It's not brilliant but it's a start.

    There is another autistic boy in the class, Aspie I think, who REALLY stirs up this other boy by calling him names. He's younger than difficult child 3 but very smart, and really seems to know how to stir up the PW kid.

    I'm hoping that when drama class goes back in a few weeks, that difficult child 3 will be in a different class. The teacher is new too, hopefully this teacher will be better able to control the action.

    It really does take time, repeated and gentle explanation, role-playing, time, more explanation, and time.

  10. Christy

    Christy New Member

    Funny (well not really) but it made me smile. My son, who is constantly in trouble with everyone has NO tolerance for the misbehavior of other children. He is constantly informing them of their wrong doings even when he is doing it himself. He also has no idea that younger children (he's 9) are not always held to the same behavior expectations. He fights constantly with my friends 3 year old and the other day he gave a lecture to a one year old in the doctor's waiting room because the toy she was playing with was not age appropriate ( I had just told him to put down the playschool toys so the little on could play with them and she later picked up a deck of cards which he felt was an unacceptable choice and told her so!) Anytime he is in trouble at school, his explaination begins with another child's name and how he/she was annoying or frustrating difficult child. My guy definitely suffers from "the World Revolves Around Me" syndrom and fails to see how his behaviors could possibly bother others-LOL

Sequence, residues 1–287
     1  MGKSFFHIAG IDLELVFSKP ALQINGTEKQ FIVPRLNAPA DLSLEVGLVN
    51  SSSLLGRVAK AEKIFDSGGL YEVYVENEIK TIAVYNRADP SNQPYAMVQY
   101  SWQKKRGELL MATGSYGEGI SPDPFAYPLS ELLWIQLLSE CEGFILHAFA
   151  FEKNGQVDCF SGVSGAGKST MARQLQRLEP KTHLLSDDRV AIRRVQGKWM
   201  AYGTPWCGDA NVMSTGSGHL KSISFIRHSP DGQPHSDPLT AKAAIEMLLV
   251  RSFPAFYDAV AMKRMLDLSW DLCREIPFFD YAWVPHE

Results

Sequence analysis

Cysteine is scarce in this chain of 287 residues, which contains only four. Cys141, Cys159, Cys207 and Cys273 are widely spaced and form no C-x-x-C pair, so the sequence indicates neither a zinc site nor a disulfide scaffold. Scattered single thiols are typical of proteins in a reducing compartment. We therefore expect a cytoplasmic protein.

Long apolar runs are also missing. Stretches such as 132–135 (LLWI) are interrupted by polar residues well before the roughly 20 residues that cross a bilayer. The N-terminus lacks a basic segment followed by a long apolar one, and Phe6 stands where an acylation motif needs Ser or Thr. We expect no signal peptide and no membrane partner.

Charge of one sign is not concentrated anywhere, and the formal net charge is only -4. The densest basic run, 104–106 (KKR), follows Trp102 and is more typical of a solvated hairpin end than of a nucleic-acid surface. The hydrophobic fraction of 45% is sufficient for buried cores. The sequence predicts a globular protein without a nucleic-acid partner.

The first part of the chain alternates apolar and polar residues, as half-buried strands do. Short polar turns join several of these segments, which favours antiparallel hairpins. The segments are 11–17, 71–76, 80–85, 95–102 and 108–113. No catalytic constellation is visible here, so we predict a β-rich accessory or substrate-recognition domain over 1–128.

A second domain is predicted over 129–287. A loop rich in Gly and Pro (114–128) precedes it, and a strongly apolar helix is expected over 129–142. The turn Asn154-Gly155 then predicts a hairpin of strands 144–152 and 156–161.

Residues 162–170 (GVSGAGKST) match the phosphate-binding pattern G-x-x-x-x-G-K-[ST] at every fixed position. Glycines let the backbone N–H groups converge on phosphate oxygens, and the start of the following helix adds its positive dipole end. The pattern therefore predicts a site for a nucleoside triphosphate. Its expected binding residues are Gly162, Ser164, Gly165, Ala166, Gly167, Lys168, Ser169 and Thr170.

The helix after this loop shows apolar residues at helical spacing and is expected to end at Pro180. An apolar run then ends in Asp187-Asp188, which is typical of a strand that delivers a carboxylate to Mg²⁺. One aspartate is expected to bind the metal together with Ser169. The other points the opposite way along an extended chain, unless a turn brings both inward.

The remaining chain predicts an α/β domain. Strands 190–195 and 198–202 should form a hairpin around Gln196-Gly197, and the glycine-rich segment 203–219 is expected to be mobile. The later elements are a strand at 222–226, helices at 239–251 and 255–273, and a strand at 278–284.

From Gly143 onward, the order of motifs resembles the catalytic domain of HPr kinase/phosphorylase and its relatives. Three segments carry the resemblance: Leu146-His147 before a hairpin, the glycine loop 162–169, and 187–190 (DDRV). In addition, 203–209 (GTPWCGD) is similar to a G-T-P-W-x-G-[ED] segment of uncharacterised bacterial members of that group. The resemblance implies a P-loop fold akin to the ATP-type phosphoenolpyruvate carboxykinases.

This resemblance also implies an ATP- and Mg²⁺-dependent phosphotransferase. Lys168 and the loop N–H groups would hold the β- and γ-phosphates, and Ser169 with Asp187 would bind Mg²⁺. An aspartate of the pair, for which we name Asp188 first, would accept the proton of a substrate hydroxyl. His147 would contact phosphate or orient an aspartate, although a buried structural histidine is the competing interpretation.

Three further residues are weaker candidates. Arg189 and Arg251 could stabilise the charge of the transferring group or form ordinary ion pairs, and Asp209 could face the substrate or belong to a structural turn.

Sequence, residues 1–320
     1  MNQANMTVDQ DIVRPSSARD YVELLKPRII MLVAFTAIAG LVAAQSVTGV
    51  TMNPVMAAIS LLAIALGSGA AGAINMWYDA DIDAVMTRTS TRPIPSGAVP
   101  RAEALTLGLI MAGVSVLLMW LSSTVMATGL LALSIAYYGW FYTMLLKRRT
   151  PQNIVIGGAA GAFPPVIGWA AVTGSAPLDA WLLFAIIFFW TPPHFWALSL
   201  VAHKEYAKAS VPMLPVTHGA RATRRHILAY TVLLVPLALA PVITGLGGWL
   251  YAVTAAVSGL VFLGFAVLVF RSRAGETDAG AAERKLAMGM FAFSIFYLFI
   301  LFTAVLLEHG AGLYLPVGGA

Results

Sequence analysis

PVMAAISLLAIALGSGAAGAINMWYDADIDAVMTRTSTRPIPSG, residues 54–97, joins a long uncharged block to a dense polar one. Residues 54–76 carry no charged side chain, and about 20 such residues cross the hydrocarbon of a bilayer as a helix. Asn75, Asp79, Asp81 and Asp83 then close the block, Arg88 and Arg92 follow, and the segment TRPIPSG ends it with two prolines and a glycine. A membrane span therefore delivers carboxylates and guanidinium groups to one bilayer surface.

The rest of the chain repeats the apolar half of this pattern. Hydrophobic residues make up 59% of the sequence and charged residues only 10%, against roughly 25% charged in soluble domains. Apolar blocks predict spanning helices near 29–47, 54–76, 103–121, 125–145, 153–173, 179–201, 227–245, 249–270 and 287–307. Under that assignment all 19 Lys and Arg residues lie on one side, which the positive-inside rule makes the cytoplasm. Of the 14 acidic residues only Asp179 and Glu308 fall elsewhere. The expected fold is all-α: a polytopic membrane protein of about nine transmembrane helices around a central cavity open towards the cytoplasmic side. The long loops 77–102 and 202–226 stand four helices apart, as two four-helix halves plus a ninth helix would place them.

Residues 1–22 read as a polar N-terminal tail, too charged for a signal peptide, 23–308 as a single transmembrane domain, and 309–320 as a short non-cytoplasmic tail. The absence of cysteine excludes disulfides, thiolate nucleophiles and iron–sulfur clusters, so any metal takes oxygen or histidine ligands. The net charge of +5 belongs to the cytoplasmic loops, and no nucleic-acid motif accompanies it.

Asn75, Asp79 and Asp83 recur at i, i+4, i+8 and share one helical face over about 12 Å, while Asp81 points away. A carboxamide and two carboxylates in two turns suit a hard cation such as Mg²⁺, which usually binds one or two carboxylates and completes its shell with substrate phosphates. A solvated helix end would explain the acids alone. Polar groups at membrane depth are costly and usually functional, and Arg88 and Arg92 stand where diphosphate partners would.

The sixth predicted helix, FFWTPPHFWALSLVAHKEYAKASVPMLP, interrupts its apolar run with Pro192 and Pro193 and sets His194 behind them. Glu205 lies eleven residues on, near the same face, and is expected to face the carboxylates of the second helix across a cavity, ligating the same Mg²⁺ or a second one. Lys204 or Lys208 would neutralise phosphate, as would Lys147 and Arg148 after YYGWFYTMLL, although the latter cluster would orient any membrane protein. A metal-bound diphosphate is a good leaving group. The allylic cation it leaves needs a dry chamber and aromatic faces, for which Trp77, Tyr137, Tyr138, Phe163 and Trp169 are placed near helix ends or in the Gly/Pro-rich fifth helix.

11. tammyjh

    tammyjh New Member

    My difficult child knows that she functions mainly with her left hemisphere of the brain and she knows that she has a few diagnosis's...Asperger's being one of them and ADD tendencies being another. She knows that she has mood regulation problems. But thats the extent...she knows it but doesn't really have any idea what it all means. She thinks she has mood problems because we don't respect her and we don't do everything she wants us to. She blames her moods on her dad not calling, her spec. ed. teacher giving her assignments she doesn't want, her brother being sick last week...etc...etc... Its always someone elses fault. So, while she knows she has the diagnosis's, she has a hard time associating them with "her" behaviors.